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XII No.10 - Sunday May 19 - Saturday June 1, 2013


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Update by Saichon Paewsoongnern
 
 
 
Bridge in Paradise: by Neil Robinson
 

When is it right to lead a trump as the opening lead? I sometimes hear the adage “when in doubt lead a trump”. There are some good reasons to lead a trump, but this is not one of them—this particular bridge adage is not worth following. So, what are the good reasons? I plan to cover them in the next few columns. The number one reason is to cut down dummy’s ruffing power. For dummy to ruff usefully, it must be short in a suit which declarer holds. How do you know that this is the case? The answer is that you listen to the bidding. Take this as an example, with South dealing and E-W vulnerable:



North accepted South’s second suit, so he must be short in the first suit, spades. The full deal is shown below:



Assume the defence stays away from leading trumps. Instead, West leads a club, one of the unbid suits. At first sight, it looks like a good lead. Assume dummy ducks and East wins the queen. East switches to the jack of hearts, ducked to dummy’s queen. Dummy leads a spade to the ace and a spade is led back to be ruffed on board. Now, dummy leads a heart to king and ace. West leads back a club to the ace. East tries another club. Declarer discards a spade and takes the club trick on board. At this point, declarer has four tricks and the defence has three. Dummy leads a third heart which is ruffed in hand while West follows helplessly. Now another spade is ruffed on board and another heart led back to be ruffed, and another spade led. Whatever the defence does, the cross ruff limits them to only four tricks—one heart, one diamond and two clubs. The contract makes with an overtrick.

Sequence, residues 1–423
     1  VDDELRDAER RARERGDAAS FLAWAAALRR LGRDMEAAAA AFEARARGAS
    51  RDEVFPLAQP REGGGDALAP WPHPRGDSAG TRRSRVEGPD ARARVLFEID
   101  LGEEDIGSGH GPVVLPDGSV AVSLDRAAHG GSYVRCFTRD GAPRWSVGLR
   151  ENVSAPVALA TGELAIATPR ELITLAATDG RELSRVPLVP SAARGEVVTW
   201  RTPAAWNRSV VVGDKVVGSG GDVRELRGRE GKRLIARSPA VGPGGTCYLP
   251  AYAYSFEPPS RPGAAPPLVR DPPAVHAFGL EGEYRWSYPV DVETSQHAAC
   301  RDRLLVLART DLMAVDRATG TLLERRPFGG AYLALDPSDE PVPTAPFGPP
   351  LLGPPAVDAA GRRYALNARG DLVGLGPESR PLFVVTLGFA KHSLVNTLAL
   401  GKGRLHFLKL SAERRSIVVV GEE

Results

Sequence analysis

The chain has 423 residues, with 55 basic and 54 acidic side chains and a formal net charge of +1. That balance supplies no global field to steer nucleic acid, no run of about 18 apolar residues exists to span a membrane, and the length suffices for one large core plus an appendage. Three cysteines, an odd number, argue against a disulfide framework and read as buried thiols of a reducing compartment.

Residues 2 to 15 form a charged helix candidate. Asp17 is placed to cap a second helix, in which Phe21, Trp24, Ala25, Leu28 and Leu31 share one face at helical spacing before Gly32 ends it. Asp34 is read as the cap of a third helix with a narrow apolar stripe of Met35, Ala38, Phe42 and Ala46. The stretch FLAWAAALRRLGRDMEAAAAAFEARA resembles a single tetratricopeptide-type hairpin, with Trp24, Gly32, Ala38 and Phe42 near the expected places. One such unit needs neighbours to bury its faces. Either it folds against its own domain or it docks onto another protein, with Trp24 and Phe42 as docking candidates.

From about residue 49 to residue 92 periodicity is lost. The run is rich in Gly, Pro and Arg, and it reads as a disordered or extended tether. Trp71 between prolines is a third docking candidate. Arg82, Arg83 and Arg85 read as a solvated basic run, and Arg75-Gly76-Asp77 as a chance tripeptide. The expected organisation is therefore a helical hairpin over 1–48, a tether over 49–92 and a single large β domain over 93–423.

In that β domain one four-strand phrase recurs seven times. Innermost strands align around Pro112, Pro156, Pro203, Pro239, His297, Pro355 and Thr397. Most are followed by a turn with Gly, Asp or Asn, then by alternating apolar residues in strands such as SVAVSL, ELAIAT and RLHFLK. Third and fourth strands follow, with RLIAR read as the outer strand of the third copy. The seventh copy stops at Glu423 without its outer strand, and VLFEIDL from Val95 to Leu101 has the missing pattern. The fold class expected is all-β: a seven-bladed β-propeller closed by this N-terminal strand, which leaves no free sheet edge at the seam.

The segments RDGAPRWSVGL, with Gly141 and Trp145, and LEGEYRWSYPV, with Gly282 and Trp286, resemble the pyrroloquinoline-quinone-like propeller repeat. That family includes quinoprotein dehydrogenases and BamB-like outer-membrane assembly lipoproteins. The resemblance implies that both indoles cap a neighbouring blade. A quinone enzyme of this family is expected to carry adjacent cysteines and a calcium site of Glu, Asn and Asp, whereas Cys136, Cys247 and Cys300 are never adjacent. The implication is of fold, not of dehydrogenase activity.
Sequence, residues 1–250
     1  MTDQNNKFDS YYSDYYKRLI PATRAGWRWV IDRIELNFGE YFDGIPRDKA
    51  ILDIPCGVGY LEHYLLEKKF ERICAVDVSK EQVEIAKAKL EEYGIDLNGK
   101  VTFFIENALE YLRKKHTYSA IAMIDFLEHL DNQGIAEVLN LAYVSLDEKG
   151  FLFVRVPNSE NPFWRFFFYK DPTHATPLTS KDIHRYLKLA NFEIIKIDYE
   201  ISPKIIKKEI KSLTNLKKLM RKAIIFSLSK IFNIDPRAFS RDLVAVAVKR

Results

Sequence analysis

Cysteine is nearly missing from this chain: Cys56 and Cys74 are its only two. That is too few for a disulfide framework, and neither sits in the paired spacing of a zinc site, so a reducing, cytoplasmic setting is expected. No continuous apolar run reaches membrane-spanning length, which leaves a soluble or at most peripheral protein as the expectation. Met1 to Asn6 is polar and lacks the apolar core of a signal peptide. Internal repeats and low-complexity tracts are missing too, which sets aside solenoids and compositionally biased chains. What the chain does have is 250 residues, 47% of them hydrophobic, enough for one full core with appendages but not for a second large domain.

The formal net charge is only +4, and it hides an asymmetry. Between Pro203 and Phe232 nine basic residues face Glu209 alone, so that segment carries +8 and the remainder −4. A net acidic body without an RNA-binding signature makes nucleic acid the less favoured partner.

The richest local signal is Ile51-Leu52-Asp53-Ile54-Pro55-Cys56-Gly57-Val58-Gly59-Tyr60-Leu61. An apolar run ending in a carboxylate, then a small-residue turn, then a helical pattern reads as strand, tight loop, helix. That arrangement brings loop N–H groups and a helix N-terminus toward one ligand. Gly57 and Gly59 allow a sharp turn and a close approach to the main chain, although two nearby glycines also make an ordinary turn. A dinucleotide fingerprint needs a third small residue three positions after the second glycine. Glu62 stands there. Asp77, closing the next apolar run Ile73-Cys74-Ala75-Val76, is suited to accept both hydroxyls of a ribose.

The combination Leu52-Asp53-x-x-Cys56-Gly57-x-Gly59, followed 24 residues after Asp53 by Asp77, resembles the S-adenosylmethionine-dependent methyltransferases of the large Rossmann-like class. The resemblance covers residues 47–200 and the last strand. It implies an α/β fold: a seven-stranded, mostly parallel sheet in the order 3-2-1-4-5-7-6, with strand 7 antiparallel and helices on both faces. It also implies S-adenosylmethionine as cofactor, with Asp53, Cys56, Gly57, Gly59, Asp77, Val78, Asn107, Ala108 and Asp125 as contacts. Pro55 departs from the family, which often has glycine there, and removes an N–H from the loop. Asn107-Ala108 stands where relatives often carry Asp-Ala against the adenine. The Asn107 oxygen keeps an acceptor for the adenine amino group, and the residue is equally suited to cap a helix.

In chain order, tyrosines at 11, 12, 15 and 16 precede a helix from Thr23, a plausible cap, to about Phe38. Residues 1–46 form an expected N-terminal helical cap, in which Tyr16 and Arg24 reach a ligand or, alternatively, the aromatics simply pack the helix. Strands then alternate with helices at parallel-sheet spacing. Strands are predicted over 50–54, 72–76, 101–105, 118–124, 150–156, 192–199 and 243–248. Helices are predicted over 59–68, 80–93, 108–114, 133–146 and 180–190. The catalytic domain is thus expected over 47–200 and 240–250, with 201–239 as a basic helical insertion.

Now consider what happens if West leads a low trump. Declarer can win, cash the ace of spades and ruff a spade. However, whatever dummy now leads, the defence can win and lead another trump. Now, dummy has no trumps left and few or no entries. Provided the defence play carefully, declarer is in a hopeless situation and is limited to only six tricks—one spade, a spade ruff, a heart and three diamonds. The contract goes down two, instead of making an overtrick.
I would like to hear from readers about their favourite hands—please do contact me at [email protected] Bridge Club of Chiang Mai welcomes all players. We have members from seventeen different countries already. For information on the Club go to the web site www.bridgewebs.com/chiangmai.


 
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Bridge in Paradise
 

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